When playing 40K, you're constantly teetering between rules that enforce more realism (True Line of Sight) and those that enforce abstraction (Wound Allocation, Cover). The transition between these can be jarring, particularly for new players.
Think about it. In 5th Edition 40K, a grenade launcher is capable of throwing a small blast template up to 24" at an enemy. But a frag grenade carried by an infantry model can't be thrown 6" like a demolition charge can; it can only be used in assault. A squad, through the wound allocation mechanic, can soak up 2-3 times the number of wounds it normally would by simply giving every squad member unique equipment. A squad attacking a tank resolves it's hits against the rear of the vehicle instead of the side it's facing. A squad can't detach part of itself to hold an objective while the rest of the squad advances. Some Special Characters aren't 'Independent Characters' and therefore can't join units. To shoot at a unit, you use True Line of Sight to determine if you can see any part of it, but models are wounded and removed with no bearing as to who's visible to the firer and who isn't. Facing matters for a tank or walker, but not for an infantry model. Cover from firing through area terrain works differently for vehicles than it does for tanks or walkers. The list goes on.
Most of these rules changes make for a faster, more balanced game. But from an abstraction standpoint, it's a mess. Second Edition was a mess from a balance and speed standpoint, but it was the most consistent version of the game in terms of abstraction. Things worked in 2nd Edition much as you thought they should. Or at least more naturally than in later editions.
So, faced with an inconsistent level of abstraction in a game, how do different people react? Well, if you're a competitive player, you learn the rules anyway and play enough games that you don't notice the incongruities anymore. You may hate True Line of Sight or Wound Allocation, but you learn how to deal with them and move on. Those are the rules, after all.
New or casual players, however, are very prone to simply ignoring a incongruent rule and making up their own, more consistent rule, to replace it. Or they'll mix editions, substituting rules from 2nd, 3rd, or 4th edition that they liked better. I know I did. I started playing during the changeover from 2nd to 3rd Edition, and we simply kept using grenades as thrown shooting weapons. Because it made no sense to us to do otherwise. Other people I've met just ignore wound allocation and remove any model they like. Or use the 4th edition cover rules because they're simpler to remember.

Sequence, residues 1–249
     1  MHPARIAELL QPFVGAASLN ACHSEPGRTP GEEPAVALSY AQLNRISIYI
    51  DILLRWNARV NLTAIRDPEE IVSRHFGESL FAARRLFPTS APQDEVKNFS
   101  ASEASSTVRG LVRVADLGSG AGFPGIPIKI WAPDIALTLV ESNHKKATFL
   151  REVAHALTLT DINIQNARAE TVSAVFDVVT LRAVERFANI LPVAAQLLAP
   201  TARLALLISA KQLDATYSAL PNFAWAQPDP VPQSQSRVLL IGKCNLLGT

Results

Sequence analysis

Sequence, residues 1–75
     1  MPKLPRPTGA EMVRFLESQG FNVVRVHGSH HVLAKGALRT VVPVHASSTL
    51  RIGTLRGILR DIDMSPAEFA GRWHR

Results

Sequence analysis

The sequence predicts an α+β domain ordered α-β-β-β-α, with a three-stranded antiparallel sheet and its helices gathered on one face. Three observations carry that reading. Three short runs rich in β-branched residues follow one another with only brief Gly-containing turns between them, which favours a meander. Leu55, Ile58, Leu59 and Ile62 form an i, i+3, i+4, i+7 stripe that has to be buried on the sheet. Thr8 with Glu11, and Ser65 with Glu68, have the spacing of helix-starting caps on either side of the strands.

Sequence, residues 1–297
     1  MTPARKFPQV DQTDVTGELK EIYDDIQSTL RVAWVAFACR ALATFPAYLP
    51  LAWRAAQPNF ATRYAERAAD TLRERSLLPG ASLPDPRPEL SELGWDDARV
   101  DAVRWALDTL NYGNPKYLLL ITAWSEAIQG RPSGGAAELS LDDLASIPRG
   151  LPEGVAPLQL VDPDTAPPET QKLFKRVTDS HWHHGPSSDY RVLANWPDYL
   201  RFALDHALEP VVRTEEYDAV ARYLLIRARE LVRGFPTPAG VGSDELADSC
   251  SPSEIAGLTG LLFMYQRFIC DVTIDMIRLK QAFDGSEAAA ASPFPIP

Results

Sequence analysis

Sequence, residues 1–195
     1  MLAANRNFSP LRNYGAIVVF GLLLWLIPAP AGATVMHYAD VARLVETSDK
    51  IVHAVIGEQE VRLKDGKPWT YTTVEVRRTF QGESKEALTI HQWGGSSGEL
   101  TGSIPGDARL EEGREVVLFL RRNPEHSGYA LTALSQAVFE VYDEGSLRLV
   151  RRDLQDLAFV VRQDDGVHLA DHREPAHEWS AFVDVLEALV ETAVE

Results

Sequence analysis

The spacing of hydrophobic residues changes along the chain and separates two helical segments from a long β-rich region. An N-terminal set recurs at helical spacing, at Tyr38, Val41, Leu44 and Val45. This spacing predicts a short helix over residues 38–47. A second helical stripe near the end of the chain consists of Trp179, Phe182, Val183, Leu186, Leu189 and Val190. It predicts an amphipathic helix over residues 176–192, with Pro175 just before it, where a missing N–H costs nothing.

Which is fine if you only play in your basement among friends, but what happens when you want to play in a tournament or at the local game store? That's right, you're forced to confront all the things that you don't like about the game. All the areas of inconsistent abstraction that pop you out of the narrative and leave you scratching your head. Because that's the standard everyone has to play by.
So, since you never did do wound allocation properly, you're shocked by how it can be used to toughen up a unit beyond what you thought was possible. You never did play cover properly, so you're surprised when your Dreadnought doesn't get it for simply standing in a wood. When you assaulted, you always just moved the whole unit straight forward instead of closest-to-closest and maintaining coherency. So you find that you're always out of position for the multi-charges you used to depend on.
Which is when the cries of "CHEESE!", "WAAC!" and "RULES LAWYER!" come out. Because the competitive players expect you to play by the rules they've already learned and adapted their tactics to. While the casual player keeps getting knocked out of their comfort zone by the inconsistent abstractions and blind-sided by tactical possibilities that they'd never considered. That's usually the point at which most will return to the comfort of their basement and the house rules that they're used to. Some do step up and become competitive players, but it can easily take 50+ games to really get comfortable with the rules to the point that you're not looking them up every single turn.
And that is the crux of the problem. What to do about it is another matter.